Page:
By Raya Al Jadir and John Pring
Leaving the European Union (EU) would have “harmful” and “dire” consequences for disabled people, according to two of the first leading disabled figures to speak out on June’s referendum.
The UK will decide whether to leave the EU in a referendum on 23 June, but almost nothing has been said publicly about the potential impact of this vote on disabled people.
A search using the terms “Brexit” (a UK exit from the EU) and “disabled” on two of the most popular internet search engines, Bing and Google, failed to bring up a single reference to how leaving the EU would affect disabled people.
Deborah King, co-founder of Disability Politics UK, criticised the campaigns to leave and remain in the EU for failing to spell out “what the impact of Brexit would be on disabled people”.
She said: “We need to know the effects on our income – for example, if the economy took a nosedive, would we be facing yet more cuts?
“Would there be a rush to also withdraw from the European Convention [on Human Rights] as well? This has underpinned our rights in the bedroom tax cases.
“There are many unanswered questions.”
One disabled campaigner who has spoken out this week is Miro Griffiths (pictured), a former government adviser and project officer for the European Network on Independent Living, and now a lecturer, researcher and teacher.
He said he believed that Britain’s exit from the EU “would have dire consequences for disabled people”.
Griffiths said the EU could be criticised on many issues, such as its failure to implement strategies to protect refugees who enter Europe, but “disabled people’s life chances would certainly not improve if we were to leave”.
By remaining, he said, disabled people can continue to use existing EU frameworks and directives to “continually challenge our state and the power it exerts”.
He suggested that “sustained grassroots pressure” and “diplomatic dialogue” could lead to the EU challenging the damage caused by the UK government’s cuts to disabled people’s support.
Griffiths also said he feared that the “fetishism” of some Brexit supporters on the issue of UK “sovereignty” would lead to a post-Brexit UK government “imposing a concept of justice that reinforces and validates their actions, which will continue to oppress many groups”.
This could lead, he said, to disabled people becoming “voiceless – with reduced support from our European neighbours”.
Griffiths, a member of the British Council’s advisory panel for disability issues, said: “Many will argue that the EU is complacent in tackling the social injustice within many member states and I would agree with their analysis.”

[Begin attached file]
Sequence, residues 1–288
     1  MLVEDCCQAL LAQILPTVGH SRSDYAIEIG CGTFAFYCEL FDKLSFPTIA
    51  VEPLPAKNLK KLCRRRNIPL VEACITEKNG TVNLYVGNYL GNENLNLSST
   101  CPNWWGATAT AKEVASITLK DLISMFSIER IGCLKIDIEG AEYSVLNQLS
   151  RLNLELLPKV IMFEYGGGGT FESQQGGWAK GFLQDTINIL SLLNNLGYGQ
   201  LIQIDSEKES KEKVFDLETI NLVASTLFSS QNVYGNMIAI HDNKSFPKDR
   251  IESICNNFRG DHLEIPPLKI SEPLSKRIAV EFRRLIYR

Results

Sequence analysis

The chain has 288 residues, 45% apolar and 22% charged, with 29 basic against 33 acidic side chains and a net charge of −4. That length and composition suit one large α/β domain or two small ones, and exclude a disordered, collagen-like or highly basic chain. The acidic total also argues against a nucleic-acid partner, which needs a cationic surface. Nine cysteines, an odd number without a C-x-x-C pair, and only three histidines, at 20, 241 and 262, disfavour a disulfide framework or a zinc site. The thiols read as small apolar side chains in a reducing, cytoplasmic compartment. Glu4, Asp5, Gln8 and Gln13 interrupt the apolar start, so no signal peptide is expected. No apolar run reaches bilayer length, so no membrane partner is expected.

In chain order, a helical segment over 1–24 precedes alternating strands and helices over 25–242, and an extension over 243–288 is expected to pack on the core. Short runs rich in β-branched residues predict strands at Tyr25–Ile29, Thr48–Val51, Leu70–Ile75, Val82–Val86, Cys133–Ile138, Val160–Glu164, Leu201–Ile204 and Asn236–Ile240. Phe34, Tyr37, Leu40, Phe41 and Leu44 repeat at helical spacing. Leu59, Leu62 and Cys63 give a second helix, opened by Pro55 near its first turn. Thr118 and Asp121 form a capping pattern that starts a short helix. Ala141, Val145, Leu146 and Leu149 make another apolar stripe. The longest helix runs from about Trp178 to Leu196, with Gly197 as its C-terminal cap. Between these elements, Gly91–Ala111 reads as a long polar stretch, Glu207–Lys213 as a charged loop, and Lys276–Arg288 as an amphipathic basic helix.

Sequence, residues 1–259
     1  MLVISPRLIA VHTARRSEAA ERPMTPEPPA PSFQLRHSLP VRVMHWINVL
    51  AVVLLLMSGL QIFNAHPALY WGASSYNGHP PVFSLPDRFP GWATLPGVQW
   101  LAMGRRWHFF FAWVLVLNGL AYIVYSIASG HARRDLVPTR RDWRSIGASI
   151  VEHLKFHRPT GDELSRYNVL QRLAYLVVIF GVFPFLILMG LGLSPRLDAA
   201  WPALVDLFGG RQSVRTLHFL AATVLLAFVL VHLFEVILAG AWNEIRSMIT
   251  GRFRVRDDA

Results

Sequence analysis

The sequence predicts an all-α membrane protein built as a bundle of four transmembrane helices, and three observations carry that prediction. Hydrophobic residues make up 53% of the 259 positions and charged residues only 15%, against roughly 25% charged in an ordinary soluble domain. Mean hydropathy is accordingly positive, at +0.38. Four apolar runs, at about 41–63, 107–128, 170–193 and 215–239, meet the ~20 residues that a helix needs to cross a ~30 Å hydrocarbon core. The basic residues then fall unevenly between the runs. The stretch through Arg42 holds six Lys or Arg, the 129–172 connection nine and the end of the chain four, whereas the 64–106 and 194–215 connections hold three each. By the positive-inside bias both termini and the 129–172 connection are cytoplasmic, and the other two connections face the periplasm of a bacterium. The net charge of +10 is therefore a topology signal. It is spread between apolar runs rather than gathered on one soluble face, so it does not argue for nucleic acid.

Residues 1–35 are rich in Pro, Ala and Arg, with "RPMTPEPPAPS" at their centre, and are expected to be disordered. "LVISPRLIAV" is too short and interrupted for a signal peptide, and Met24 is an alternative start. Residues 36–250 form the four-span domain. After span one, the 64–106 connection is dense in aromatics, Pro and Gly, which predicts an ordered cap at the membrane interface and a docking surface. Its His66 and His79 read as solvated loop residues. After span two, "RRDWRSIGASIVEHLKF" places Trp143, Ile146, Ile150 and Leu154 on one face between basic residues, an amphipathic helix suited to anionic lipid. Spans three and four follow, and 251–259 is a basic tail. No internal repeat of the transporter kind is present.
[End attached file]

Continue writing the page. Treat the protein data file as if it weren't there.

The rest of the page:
But he added: “If we are isolated from our supporters in Europe then our resistance towards the state is merely interpreted as disobedience.”
Another prominent disabled figure who has spoken out this week in favour of staying in the EU is the crossbench peer Lord [Colin] Low, who said: “I have no doubt that leaving the EU would be harmful to disabled people’s interests.
“There have been many occasions when European legislation has been ahead of the UK’s or what the UK was prepared to deliver.”
Many disabled people’s organisations have not had the time or resources to prepare a position on Brexit, although Disability Rights UK has promised to release a statement before June’s referendum.
Disability News Service has not yet found a disabled campaigner or user-led organisation in favour of Brexit, but two of the mainstream organisations campaigning to leave the EU commented briefly this week, although neither argued that there were benefits of Brexit that would solely apply to disabled people.
Jack Montgomery, a spokesman for Leave.EU, said: “We think that Brexit will be good for everyone in the UK.
“It will empower people to hold lawmakers directly to account by restoring the full range of decision-making powers to our elected representatives in parliament, and it will liberate funds currently spent on immoral EU programmes like the Common Agricultural Policy which can be better spent on things like inclusion schemes, research and public services.”
Edward Spalton, president of the Campaign for an Independent Britain, said: “Our view is that the UK’s own position on disability rights and practical support for disabled people is ahead of many EU countries. Of course, more can and will be done.
“The EU has a policy with similar aims to that of the UK legislation but in many countries its implementation [is] less advanced in practice than in the UK.
“So the position for people with disabilities with regard to EU membership is broadly the same as for the whole population.
“It is, of course, far easier to obtain improvements from our own parliamentary representatives, whom we elect and can dismiss, than from the remote and unsackable EU Commission. Again, this is true for the whole population, not just for those with disabilities.”
DNS is keen to hear from any disabled people or disabled people’s organisations with views on the likely impact on disabled people of leaving the EU